A few weeks ago, I stood in the Bear’s Den, asking seniors that were coming in to consider giving to the Senior Class Campaign. In general, people responded kindly, either with a yes or a no. But there were a few that responded extremely negatively. One particular interaction went like this,
“Hi, are you a senior?”
“Would you consider giving to the Senior Class Campaign to help generations of Cornellians after you have a positive experience at Cornell?” Smily face.
“No, and I will never, ever give to you.”
I have been asking people for money basically my whole college career because I have been involved with global health on campus and that is what you do with global health: you raise money around issues. However, when you are raising money for malnutrition or a natural disaster, people may say no, but they are not obnoxious about it, for obvious reasons. But when it comes to Senior Class Campaign, it seems as though people all of a sudden forget that the senior asking you to give a gift, is also a senior, who probably has debt, and will probably accrue a lot more by going to law school for the next three years, and is thinking about that paper he didn’t finish but is due later tonight. Still, this senior has found a reason to give back, and so, perhaps, just maybe, there is a reason he feels passionately about the Senior Class Campaign?
In fact, tuition covers only 60% of the costs of education. The rest of the money is covered through gifts. The Senior Class Campaign helps raise funds for financial aid for students, innovative projects (including helping fund proposals and planning for the tech campus bid), as well as maintaining the libraries, plantations, things we all use and take for granted.
I’m not going to paint a rosy picture. In fact, my experiences at Cornell have been difficult, particularly in my first two years of school. However, I still realize how much I’ve grown through the various experiences and how much I have enjoyed even this past year. In fact, I have had mentors that have helped me along the way. Cornell is not just made up of the buildings or lawns. Rather, Cornell is defined by the people, the mentors that helped me through difficult times, the professors that guide me, the grants that have helped me do research or plan student programming. All of these things make Cornell, and personally, that is what I am giving to. I am giving on behalf of those that made my experience here special whether the experiences were difficult or easy. And I am giving because I feel I owe that guidance to the next generation of Cornellians, so that they may have resources, and maybe, just maybe, have an even greater experience than I have had.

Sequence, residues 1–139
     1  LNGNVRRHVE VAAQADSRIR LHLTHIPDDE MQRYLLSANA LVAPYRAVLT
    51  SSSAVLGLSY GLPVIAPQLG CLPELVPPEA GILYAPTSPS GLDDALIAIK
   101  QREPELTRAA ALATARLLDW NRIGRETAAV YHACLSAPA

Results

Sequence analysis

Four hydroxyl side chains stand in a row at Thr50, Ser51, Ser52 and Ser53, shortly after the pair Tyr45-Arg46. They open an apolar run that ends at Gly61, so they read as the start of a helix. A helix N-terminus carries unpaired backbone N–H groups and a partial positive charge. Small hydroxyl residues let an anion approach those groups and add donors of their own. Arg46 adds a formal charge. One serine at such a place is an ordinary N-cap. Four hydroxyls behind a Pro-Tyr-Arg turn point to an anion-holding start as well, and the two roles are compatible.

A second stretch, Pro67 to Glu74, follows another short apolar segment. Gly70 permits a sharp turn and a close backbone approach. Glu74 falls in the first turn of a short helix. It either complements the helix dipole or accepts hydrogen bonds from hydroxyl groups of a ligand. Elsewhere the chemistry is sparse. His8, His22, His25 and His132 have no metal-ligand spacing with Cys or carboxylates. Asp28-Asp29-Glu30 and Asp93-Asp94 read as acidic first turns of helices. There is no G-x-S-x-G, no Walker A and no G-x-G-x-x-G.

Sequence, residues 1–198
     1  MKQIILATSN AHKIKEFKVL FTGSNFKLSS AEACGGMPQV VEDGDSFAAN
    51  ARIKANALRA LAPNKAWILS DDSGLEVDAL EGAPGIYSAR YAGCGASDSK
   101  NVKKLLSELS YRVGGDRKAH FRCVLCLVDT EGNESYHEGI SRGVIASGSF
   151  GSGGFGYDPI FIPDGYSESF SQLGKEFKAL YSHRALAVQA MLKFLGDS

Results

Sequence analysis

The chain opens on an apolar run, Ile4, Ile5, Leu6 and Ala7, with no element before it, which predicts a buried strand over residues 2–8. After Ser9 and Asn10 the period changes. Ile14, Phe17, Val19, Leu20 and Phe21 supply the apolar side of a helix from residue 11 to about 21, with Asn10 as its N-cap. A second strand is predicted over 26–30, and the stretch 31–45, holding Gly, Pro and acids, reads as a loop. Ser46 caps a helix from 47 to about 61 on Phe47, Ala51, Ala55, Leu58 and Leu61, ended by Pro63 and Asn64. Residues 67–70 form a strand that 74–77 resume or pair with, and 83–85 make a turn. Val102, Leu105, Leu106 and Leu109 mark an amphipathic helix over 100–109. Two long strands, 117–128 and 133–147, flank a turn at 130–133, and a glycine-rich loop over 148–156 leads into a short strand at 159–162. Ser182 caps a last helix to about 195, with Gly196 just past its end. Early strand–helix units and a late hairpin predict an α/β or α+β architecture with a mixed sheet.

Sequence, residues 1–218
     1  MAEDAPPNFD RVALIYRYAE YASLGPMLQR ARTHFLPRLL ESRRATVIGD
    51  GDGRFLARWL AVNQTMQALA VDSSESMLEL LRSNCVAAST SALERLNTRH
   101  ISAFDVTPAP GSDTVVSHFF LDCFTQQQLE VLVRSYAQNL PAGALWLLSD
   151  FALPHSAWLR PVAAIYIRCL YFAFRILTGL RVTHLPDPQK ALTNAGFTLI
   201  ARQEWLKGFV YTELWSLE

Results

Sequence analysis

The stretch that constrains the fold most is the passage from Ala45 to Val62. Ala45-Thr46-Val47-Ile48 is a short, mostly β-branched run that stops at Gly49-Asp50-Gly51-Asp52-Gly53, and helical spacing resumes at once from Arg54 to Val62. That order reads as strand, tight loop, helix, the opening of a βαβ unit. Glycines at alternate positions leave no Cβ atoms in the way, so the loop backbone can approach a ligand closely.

Not all of us are Chuck Feeneys or Marcia Mortons. In fact, the Senior Class Campaign doesn’t expect you to be. The campaign understands financial difficulties and gives an option to give back with your time and talent as well through philanthropy projects planned throughout the semester. Plus, even a $5 gift is a meaningful one, if given knowingly that you are giving for the sake of giving, for the sake of improving the lives of future Cornellians.
Perhaps if we all stopped being offended on the spot as we hear the words Senior Class Campaign, we would understand that, at the essence of it, what the Senior Class Campaign is simply doing is encouraging seniors to understand the concept of philanthropy, recognizing that Cornell has indeed given us many different things, and reminding us to be thankful for our experiences – whether they be positive or negative – that have helped us grow in different ways.
I’m going to be in a lot of debt for the next many years due to medical school, but I still want to participate in the growth of my university through time, talent, and treasure. Perhaps it’s because I’m a second semester senior, but I’m really going to miss the memories that I’ve had at this place. I want future students to feel the same way.
Each of us has our own story on the Hill. This blog from a Cornell senior, PAM major, researcher, and a student leader chronicles those stories of Life on the Hill. Follow along as I share my own Cornell story.
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